Weekly Jobless Claims Rise Unexpectedly As Omicron Hits Harder Than Expected
In the week ending Jan. 15, jobless claims shot up by 55,000 from the previous week’s revised level to 286,000. This is the highest unemployment insurance claims rate since October. The filings came in well above the Dow Jones estimate of 225,000 and a substantial gain from the previous week’s 231,000 CNBC reports.
This follows several weeks of steady rises that may suggest a trendline moving up after several months of downward trajectory and possible hope for a labor market that has been pounded since the onset of the pandemic. Only a few weeks ago, jobless claims had hit a 52-year low, allowing for temporary relief from pressured labor markets. The sudden spike upwards suggests that the Omicron variant has affected the economy in profound ways and the exhale will have to wait.
One potential upside in the data showed the four-week moving average for continuing claims — a better marker for overall volatility — actually decreased by 55,000 to reach 1.6 million, the lowest level since the week ending April 27, 2019.
Still, though, the total recipients of all unemployment compensation programs rose by 180,114 to 2.1 million. Additionally, despite the unemployment rate falling to 3.9%, the job market is still 2.9 million jobs less than its February 2020 levels – just before the pandemic began to take its toll in the United States.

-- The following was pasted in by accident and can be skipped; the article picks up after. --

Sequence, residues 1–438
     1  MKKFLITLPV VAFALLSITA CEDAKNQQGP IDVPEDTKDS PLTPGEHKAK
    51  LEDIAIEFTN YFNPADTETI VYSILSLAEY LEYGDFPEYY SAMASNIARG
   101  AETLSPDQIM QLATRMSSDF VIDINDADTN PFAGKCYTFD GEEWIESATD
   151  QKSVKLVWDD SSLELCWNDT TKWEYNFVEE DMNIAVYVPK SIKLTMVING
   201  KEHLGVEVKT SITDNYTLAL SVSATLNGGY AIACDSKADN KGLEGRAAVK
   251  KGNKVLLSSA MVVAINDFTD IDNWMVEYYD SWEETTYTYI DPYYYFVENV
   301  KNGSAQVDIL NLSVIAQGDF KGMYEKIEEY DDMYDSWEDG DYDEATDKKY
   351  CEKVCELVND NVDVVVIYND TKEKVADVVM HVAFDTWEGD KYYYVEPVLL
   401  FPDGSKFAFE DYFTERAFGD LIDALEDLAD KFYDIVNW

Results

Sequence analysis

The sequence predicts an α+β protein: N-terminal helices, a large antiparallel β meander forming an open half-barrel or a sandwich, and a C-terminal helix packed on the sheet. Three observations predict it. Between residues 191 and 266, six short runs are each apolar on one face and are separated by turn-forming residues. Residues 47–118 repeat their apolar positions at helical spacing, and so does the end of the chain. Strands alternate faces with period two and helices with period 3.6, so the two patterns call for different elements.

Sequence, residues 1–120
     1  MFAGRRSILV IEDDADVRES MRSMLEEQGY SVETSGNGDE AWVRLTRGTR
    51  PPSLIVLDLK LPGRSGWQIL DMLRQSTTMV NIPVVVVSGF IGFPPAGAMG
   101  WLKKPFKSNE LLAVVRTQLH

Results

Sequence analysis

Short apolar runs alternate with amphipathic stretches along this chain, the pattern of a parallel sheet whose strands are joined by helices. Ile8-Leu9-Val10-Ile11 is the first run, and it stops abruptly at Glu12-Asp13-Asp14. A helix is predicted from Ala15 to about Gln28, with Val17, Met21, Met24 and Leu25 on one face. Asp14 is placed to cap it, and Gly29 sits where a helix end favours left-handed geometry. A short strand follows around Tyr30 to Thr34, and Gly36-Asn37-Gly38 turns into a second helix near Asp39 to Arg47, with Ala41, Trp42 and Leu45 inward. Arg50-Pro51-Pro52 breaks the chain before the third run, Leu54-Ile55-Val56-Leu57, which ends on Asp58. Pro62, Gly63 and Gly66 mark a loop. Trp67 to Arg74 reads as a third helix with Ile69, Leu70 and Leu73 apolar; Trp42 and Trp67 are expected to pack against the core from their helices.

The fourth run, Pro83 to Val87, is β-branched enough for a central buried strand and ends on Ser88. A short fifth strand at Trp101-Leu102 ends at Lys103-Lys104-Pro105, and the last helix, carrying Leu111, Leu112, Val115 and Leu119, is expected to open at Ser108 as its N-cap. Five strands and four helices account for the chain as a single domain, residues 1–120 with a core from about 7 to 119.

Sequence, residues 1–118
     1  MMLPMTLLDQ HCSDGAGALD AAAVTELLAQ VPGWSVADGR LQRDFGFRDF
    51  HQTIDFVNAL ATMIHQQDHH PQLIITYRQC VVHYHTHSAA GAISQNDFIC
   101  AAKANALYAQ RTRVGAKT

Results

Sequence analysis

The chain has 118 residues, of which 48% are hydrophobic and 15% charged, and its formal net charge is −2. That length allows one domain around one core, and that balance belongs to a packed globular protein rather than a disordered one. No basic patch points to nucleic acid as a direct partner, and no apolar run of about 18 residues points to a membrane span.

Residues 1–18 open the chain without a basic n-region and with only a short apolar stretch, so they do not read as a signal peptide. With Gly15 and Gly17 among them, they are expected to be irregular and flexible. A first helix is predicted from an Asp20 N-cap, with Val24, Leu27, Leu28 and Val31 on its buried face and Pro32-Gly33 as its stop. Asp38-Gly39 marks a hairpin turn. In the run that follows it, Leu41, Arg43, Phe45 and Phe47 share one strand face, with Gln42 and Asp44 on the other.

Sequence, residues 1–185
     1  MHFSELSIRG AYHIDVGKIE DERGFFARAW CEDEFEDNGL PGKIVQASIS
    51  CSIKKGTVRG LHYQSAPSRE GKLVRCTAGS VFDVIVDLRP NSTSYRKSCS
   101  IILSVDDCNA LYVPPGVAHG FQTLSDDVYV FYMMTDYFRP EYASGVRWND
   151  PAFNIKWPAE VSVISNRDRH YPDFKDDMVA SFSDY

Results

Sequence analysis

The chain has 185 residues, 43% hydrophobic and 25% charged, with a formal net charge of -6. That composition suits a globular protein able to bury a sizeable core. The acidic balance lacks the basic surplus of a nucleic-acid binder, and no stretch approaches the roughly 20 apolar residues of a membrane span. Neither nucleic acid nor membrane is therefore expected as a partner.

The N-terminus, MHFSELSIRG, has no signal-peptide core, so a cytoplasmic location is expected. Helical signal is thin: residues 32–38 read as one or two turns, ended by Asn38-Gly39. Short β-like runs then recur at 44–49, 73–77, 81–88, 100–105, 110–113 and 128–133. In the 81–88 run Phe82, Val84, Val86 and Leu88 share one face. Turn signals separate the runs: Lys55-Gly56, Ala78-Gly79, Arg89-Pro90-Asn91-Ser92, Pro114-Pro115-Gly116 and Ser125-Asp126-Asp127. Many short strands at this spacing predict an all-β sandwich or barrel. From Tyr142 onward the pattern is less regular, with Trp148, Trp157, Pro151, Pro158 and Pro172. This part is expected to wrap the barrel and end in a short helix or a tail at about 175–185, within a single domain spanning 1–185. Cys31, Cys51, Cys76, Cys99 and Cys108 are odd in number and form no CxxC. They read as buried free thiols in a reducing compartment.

The overall employment picture has been a puzzling one over the last 12 months. Despite record nonfarm payroll growth and a roaring stock market, lower levels of the job market have failed to fully lift off and are still stifled by the effects of the ongoing pandemic.
California and New York led the highest number of claims, with 11,295 and 10,639 new claims respectively. Layoffs in the agriculture, forestry, fishing and hunting service industries drove the unemployment claims in California. In New York, layoffs in the transportation and warehousing industries along with health care, social assistance and public administration industries drove the spike in new claims. Rounding out the top three was Texas, with 10,437 new unemployment insurance claims caused by layoffs in manufacturing and administrative support along with waste management and remediation service industries.
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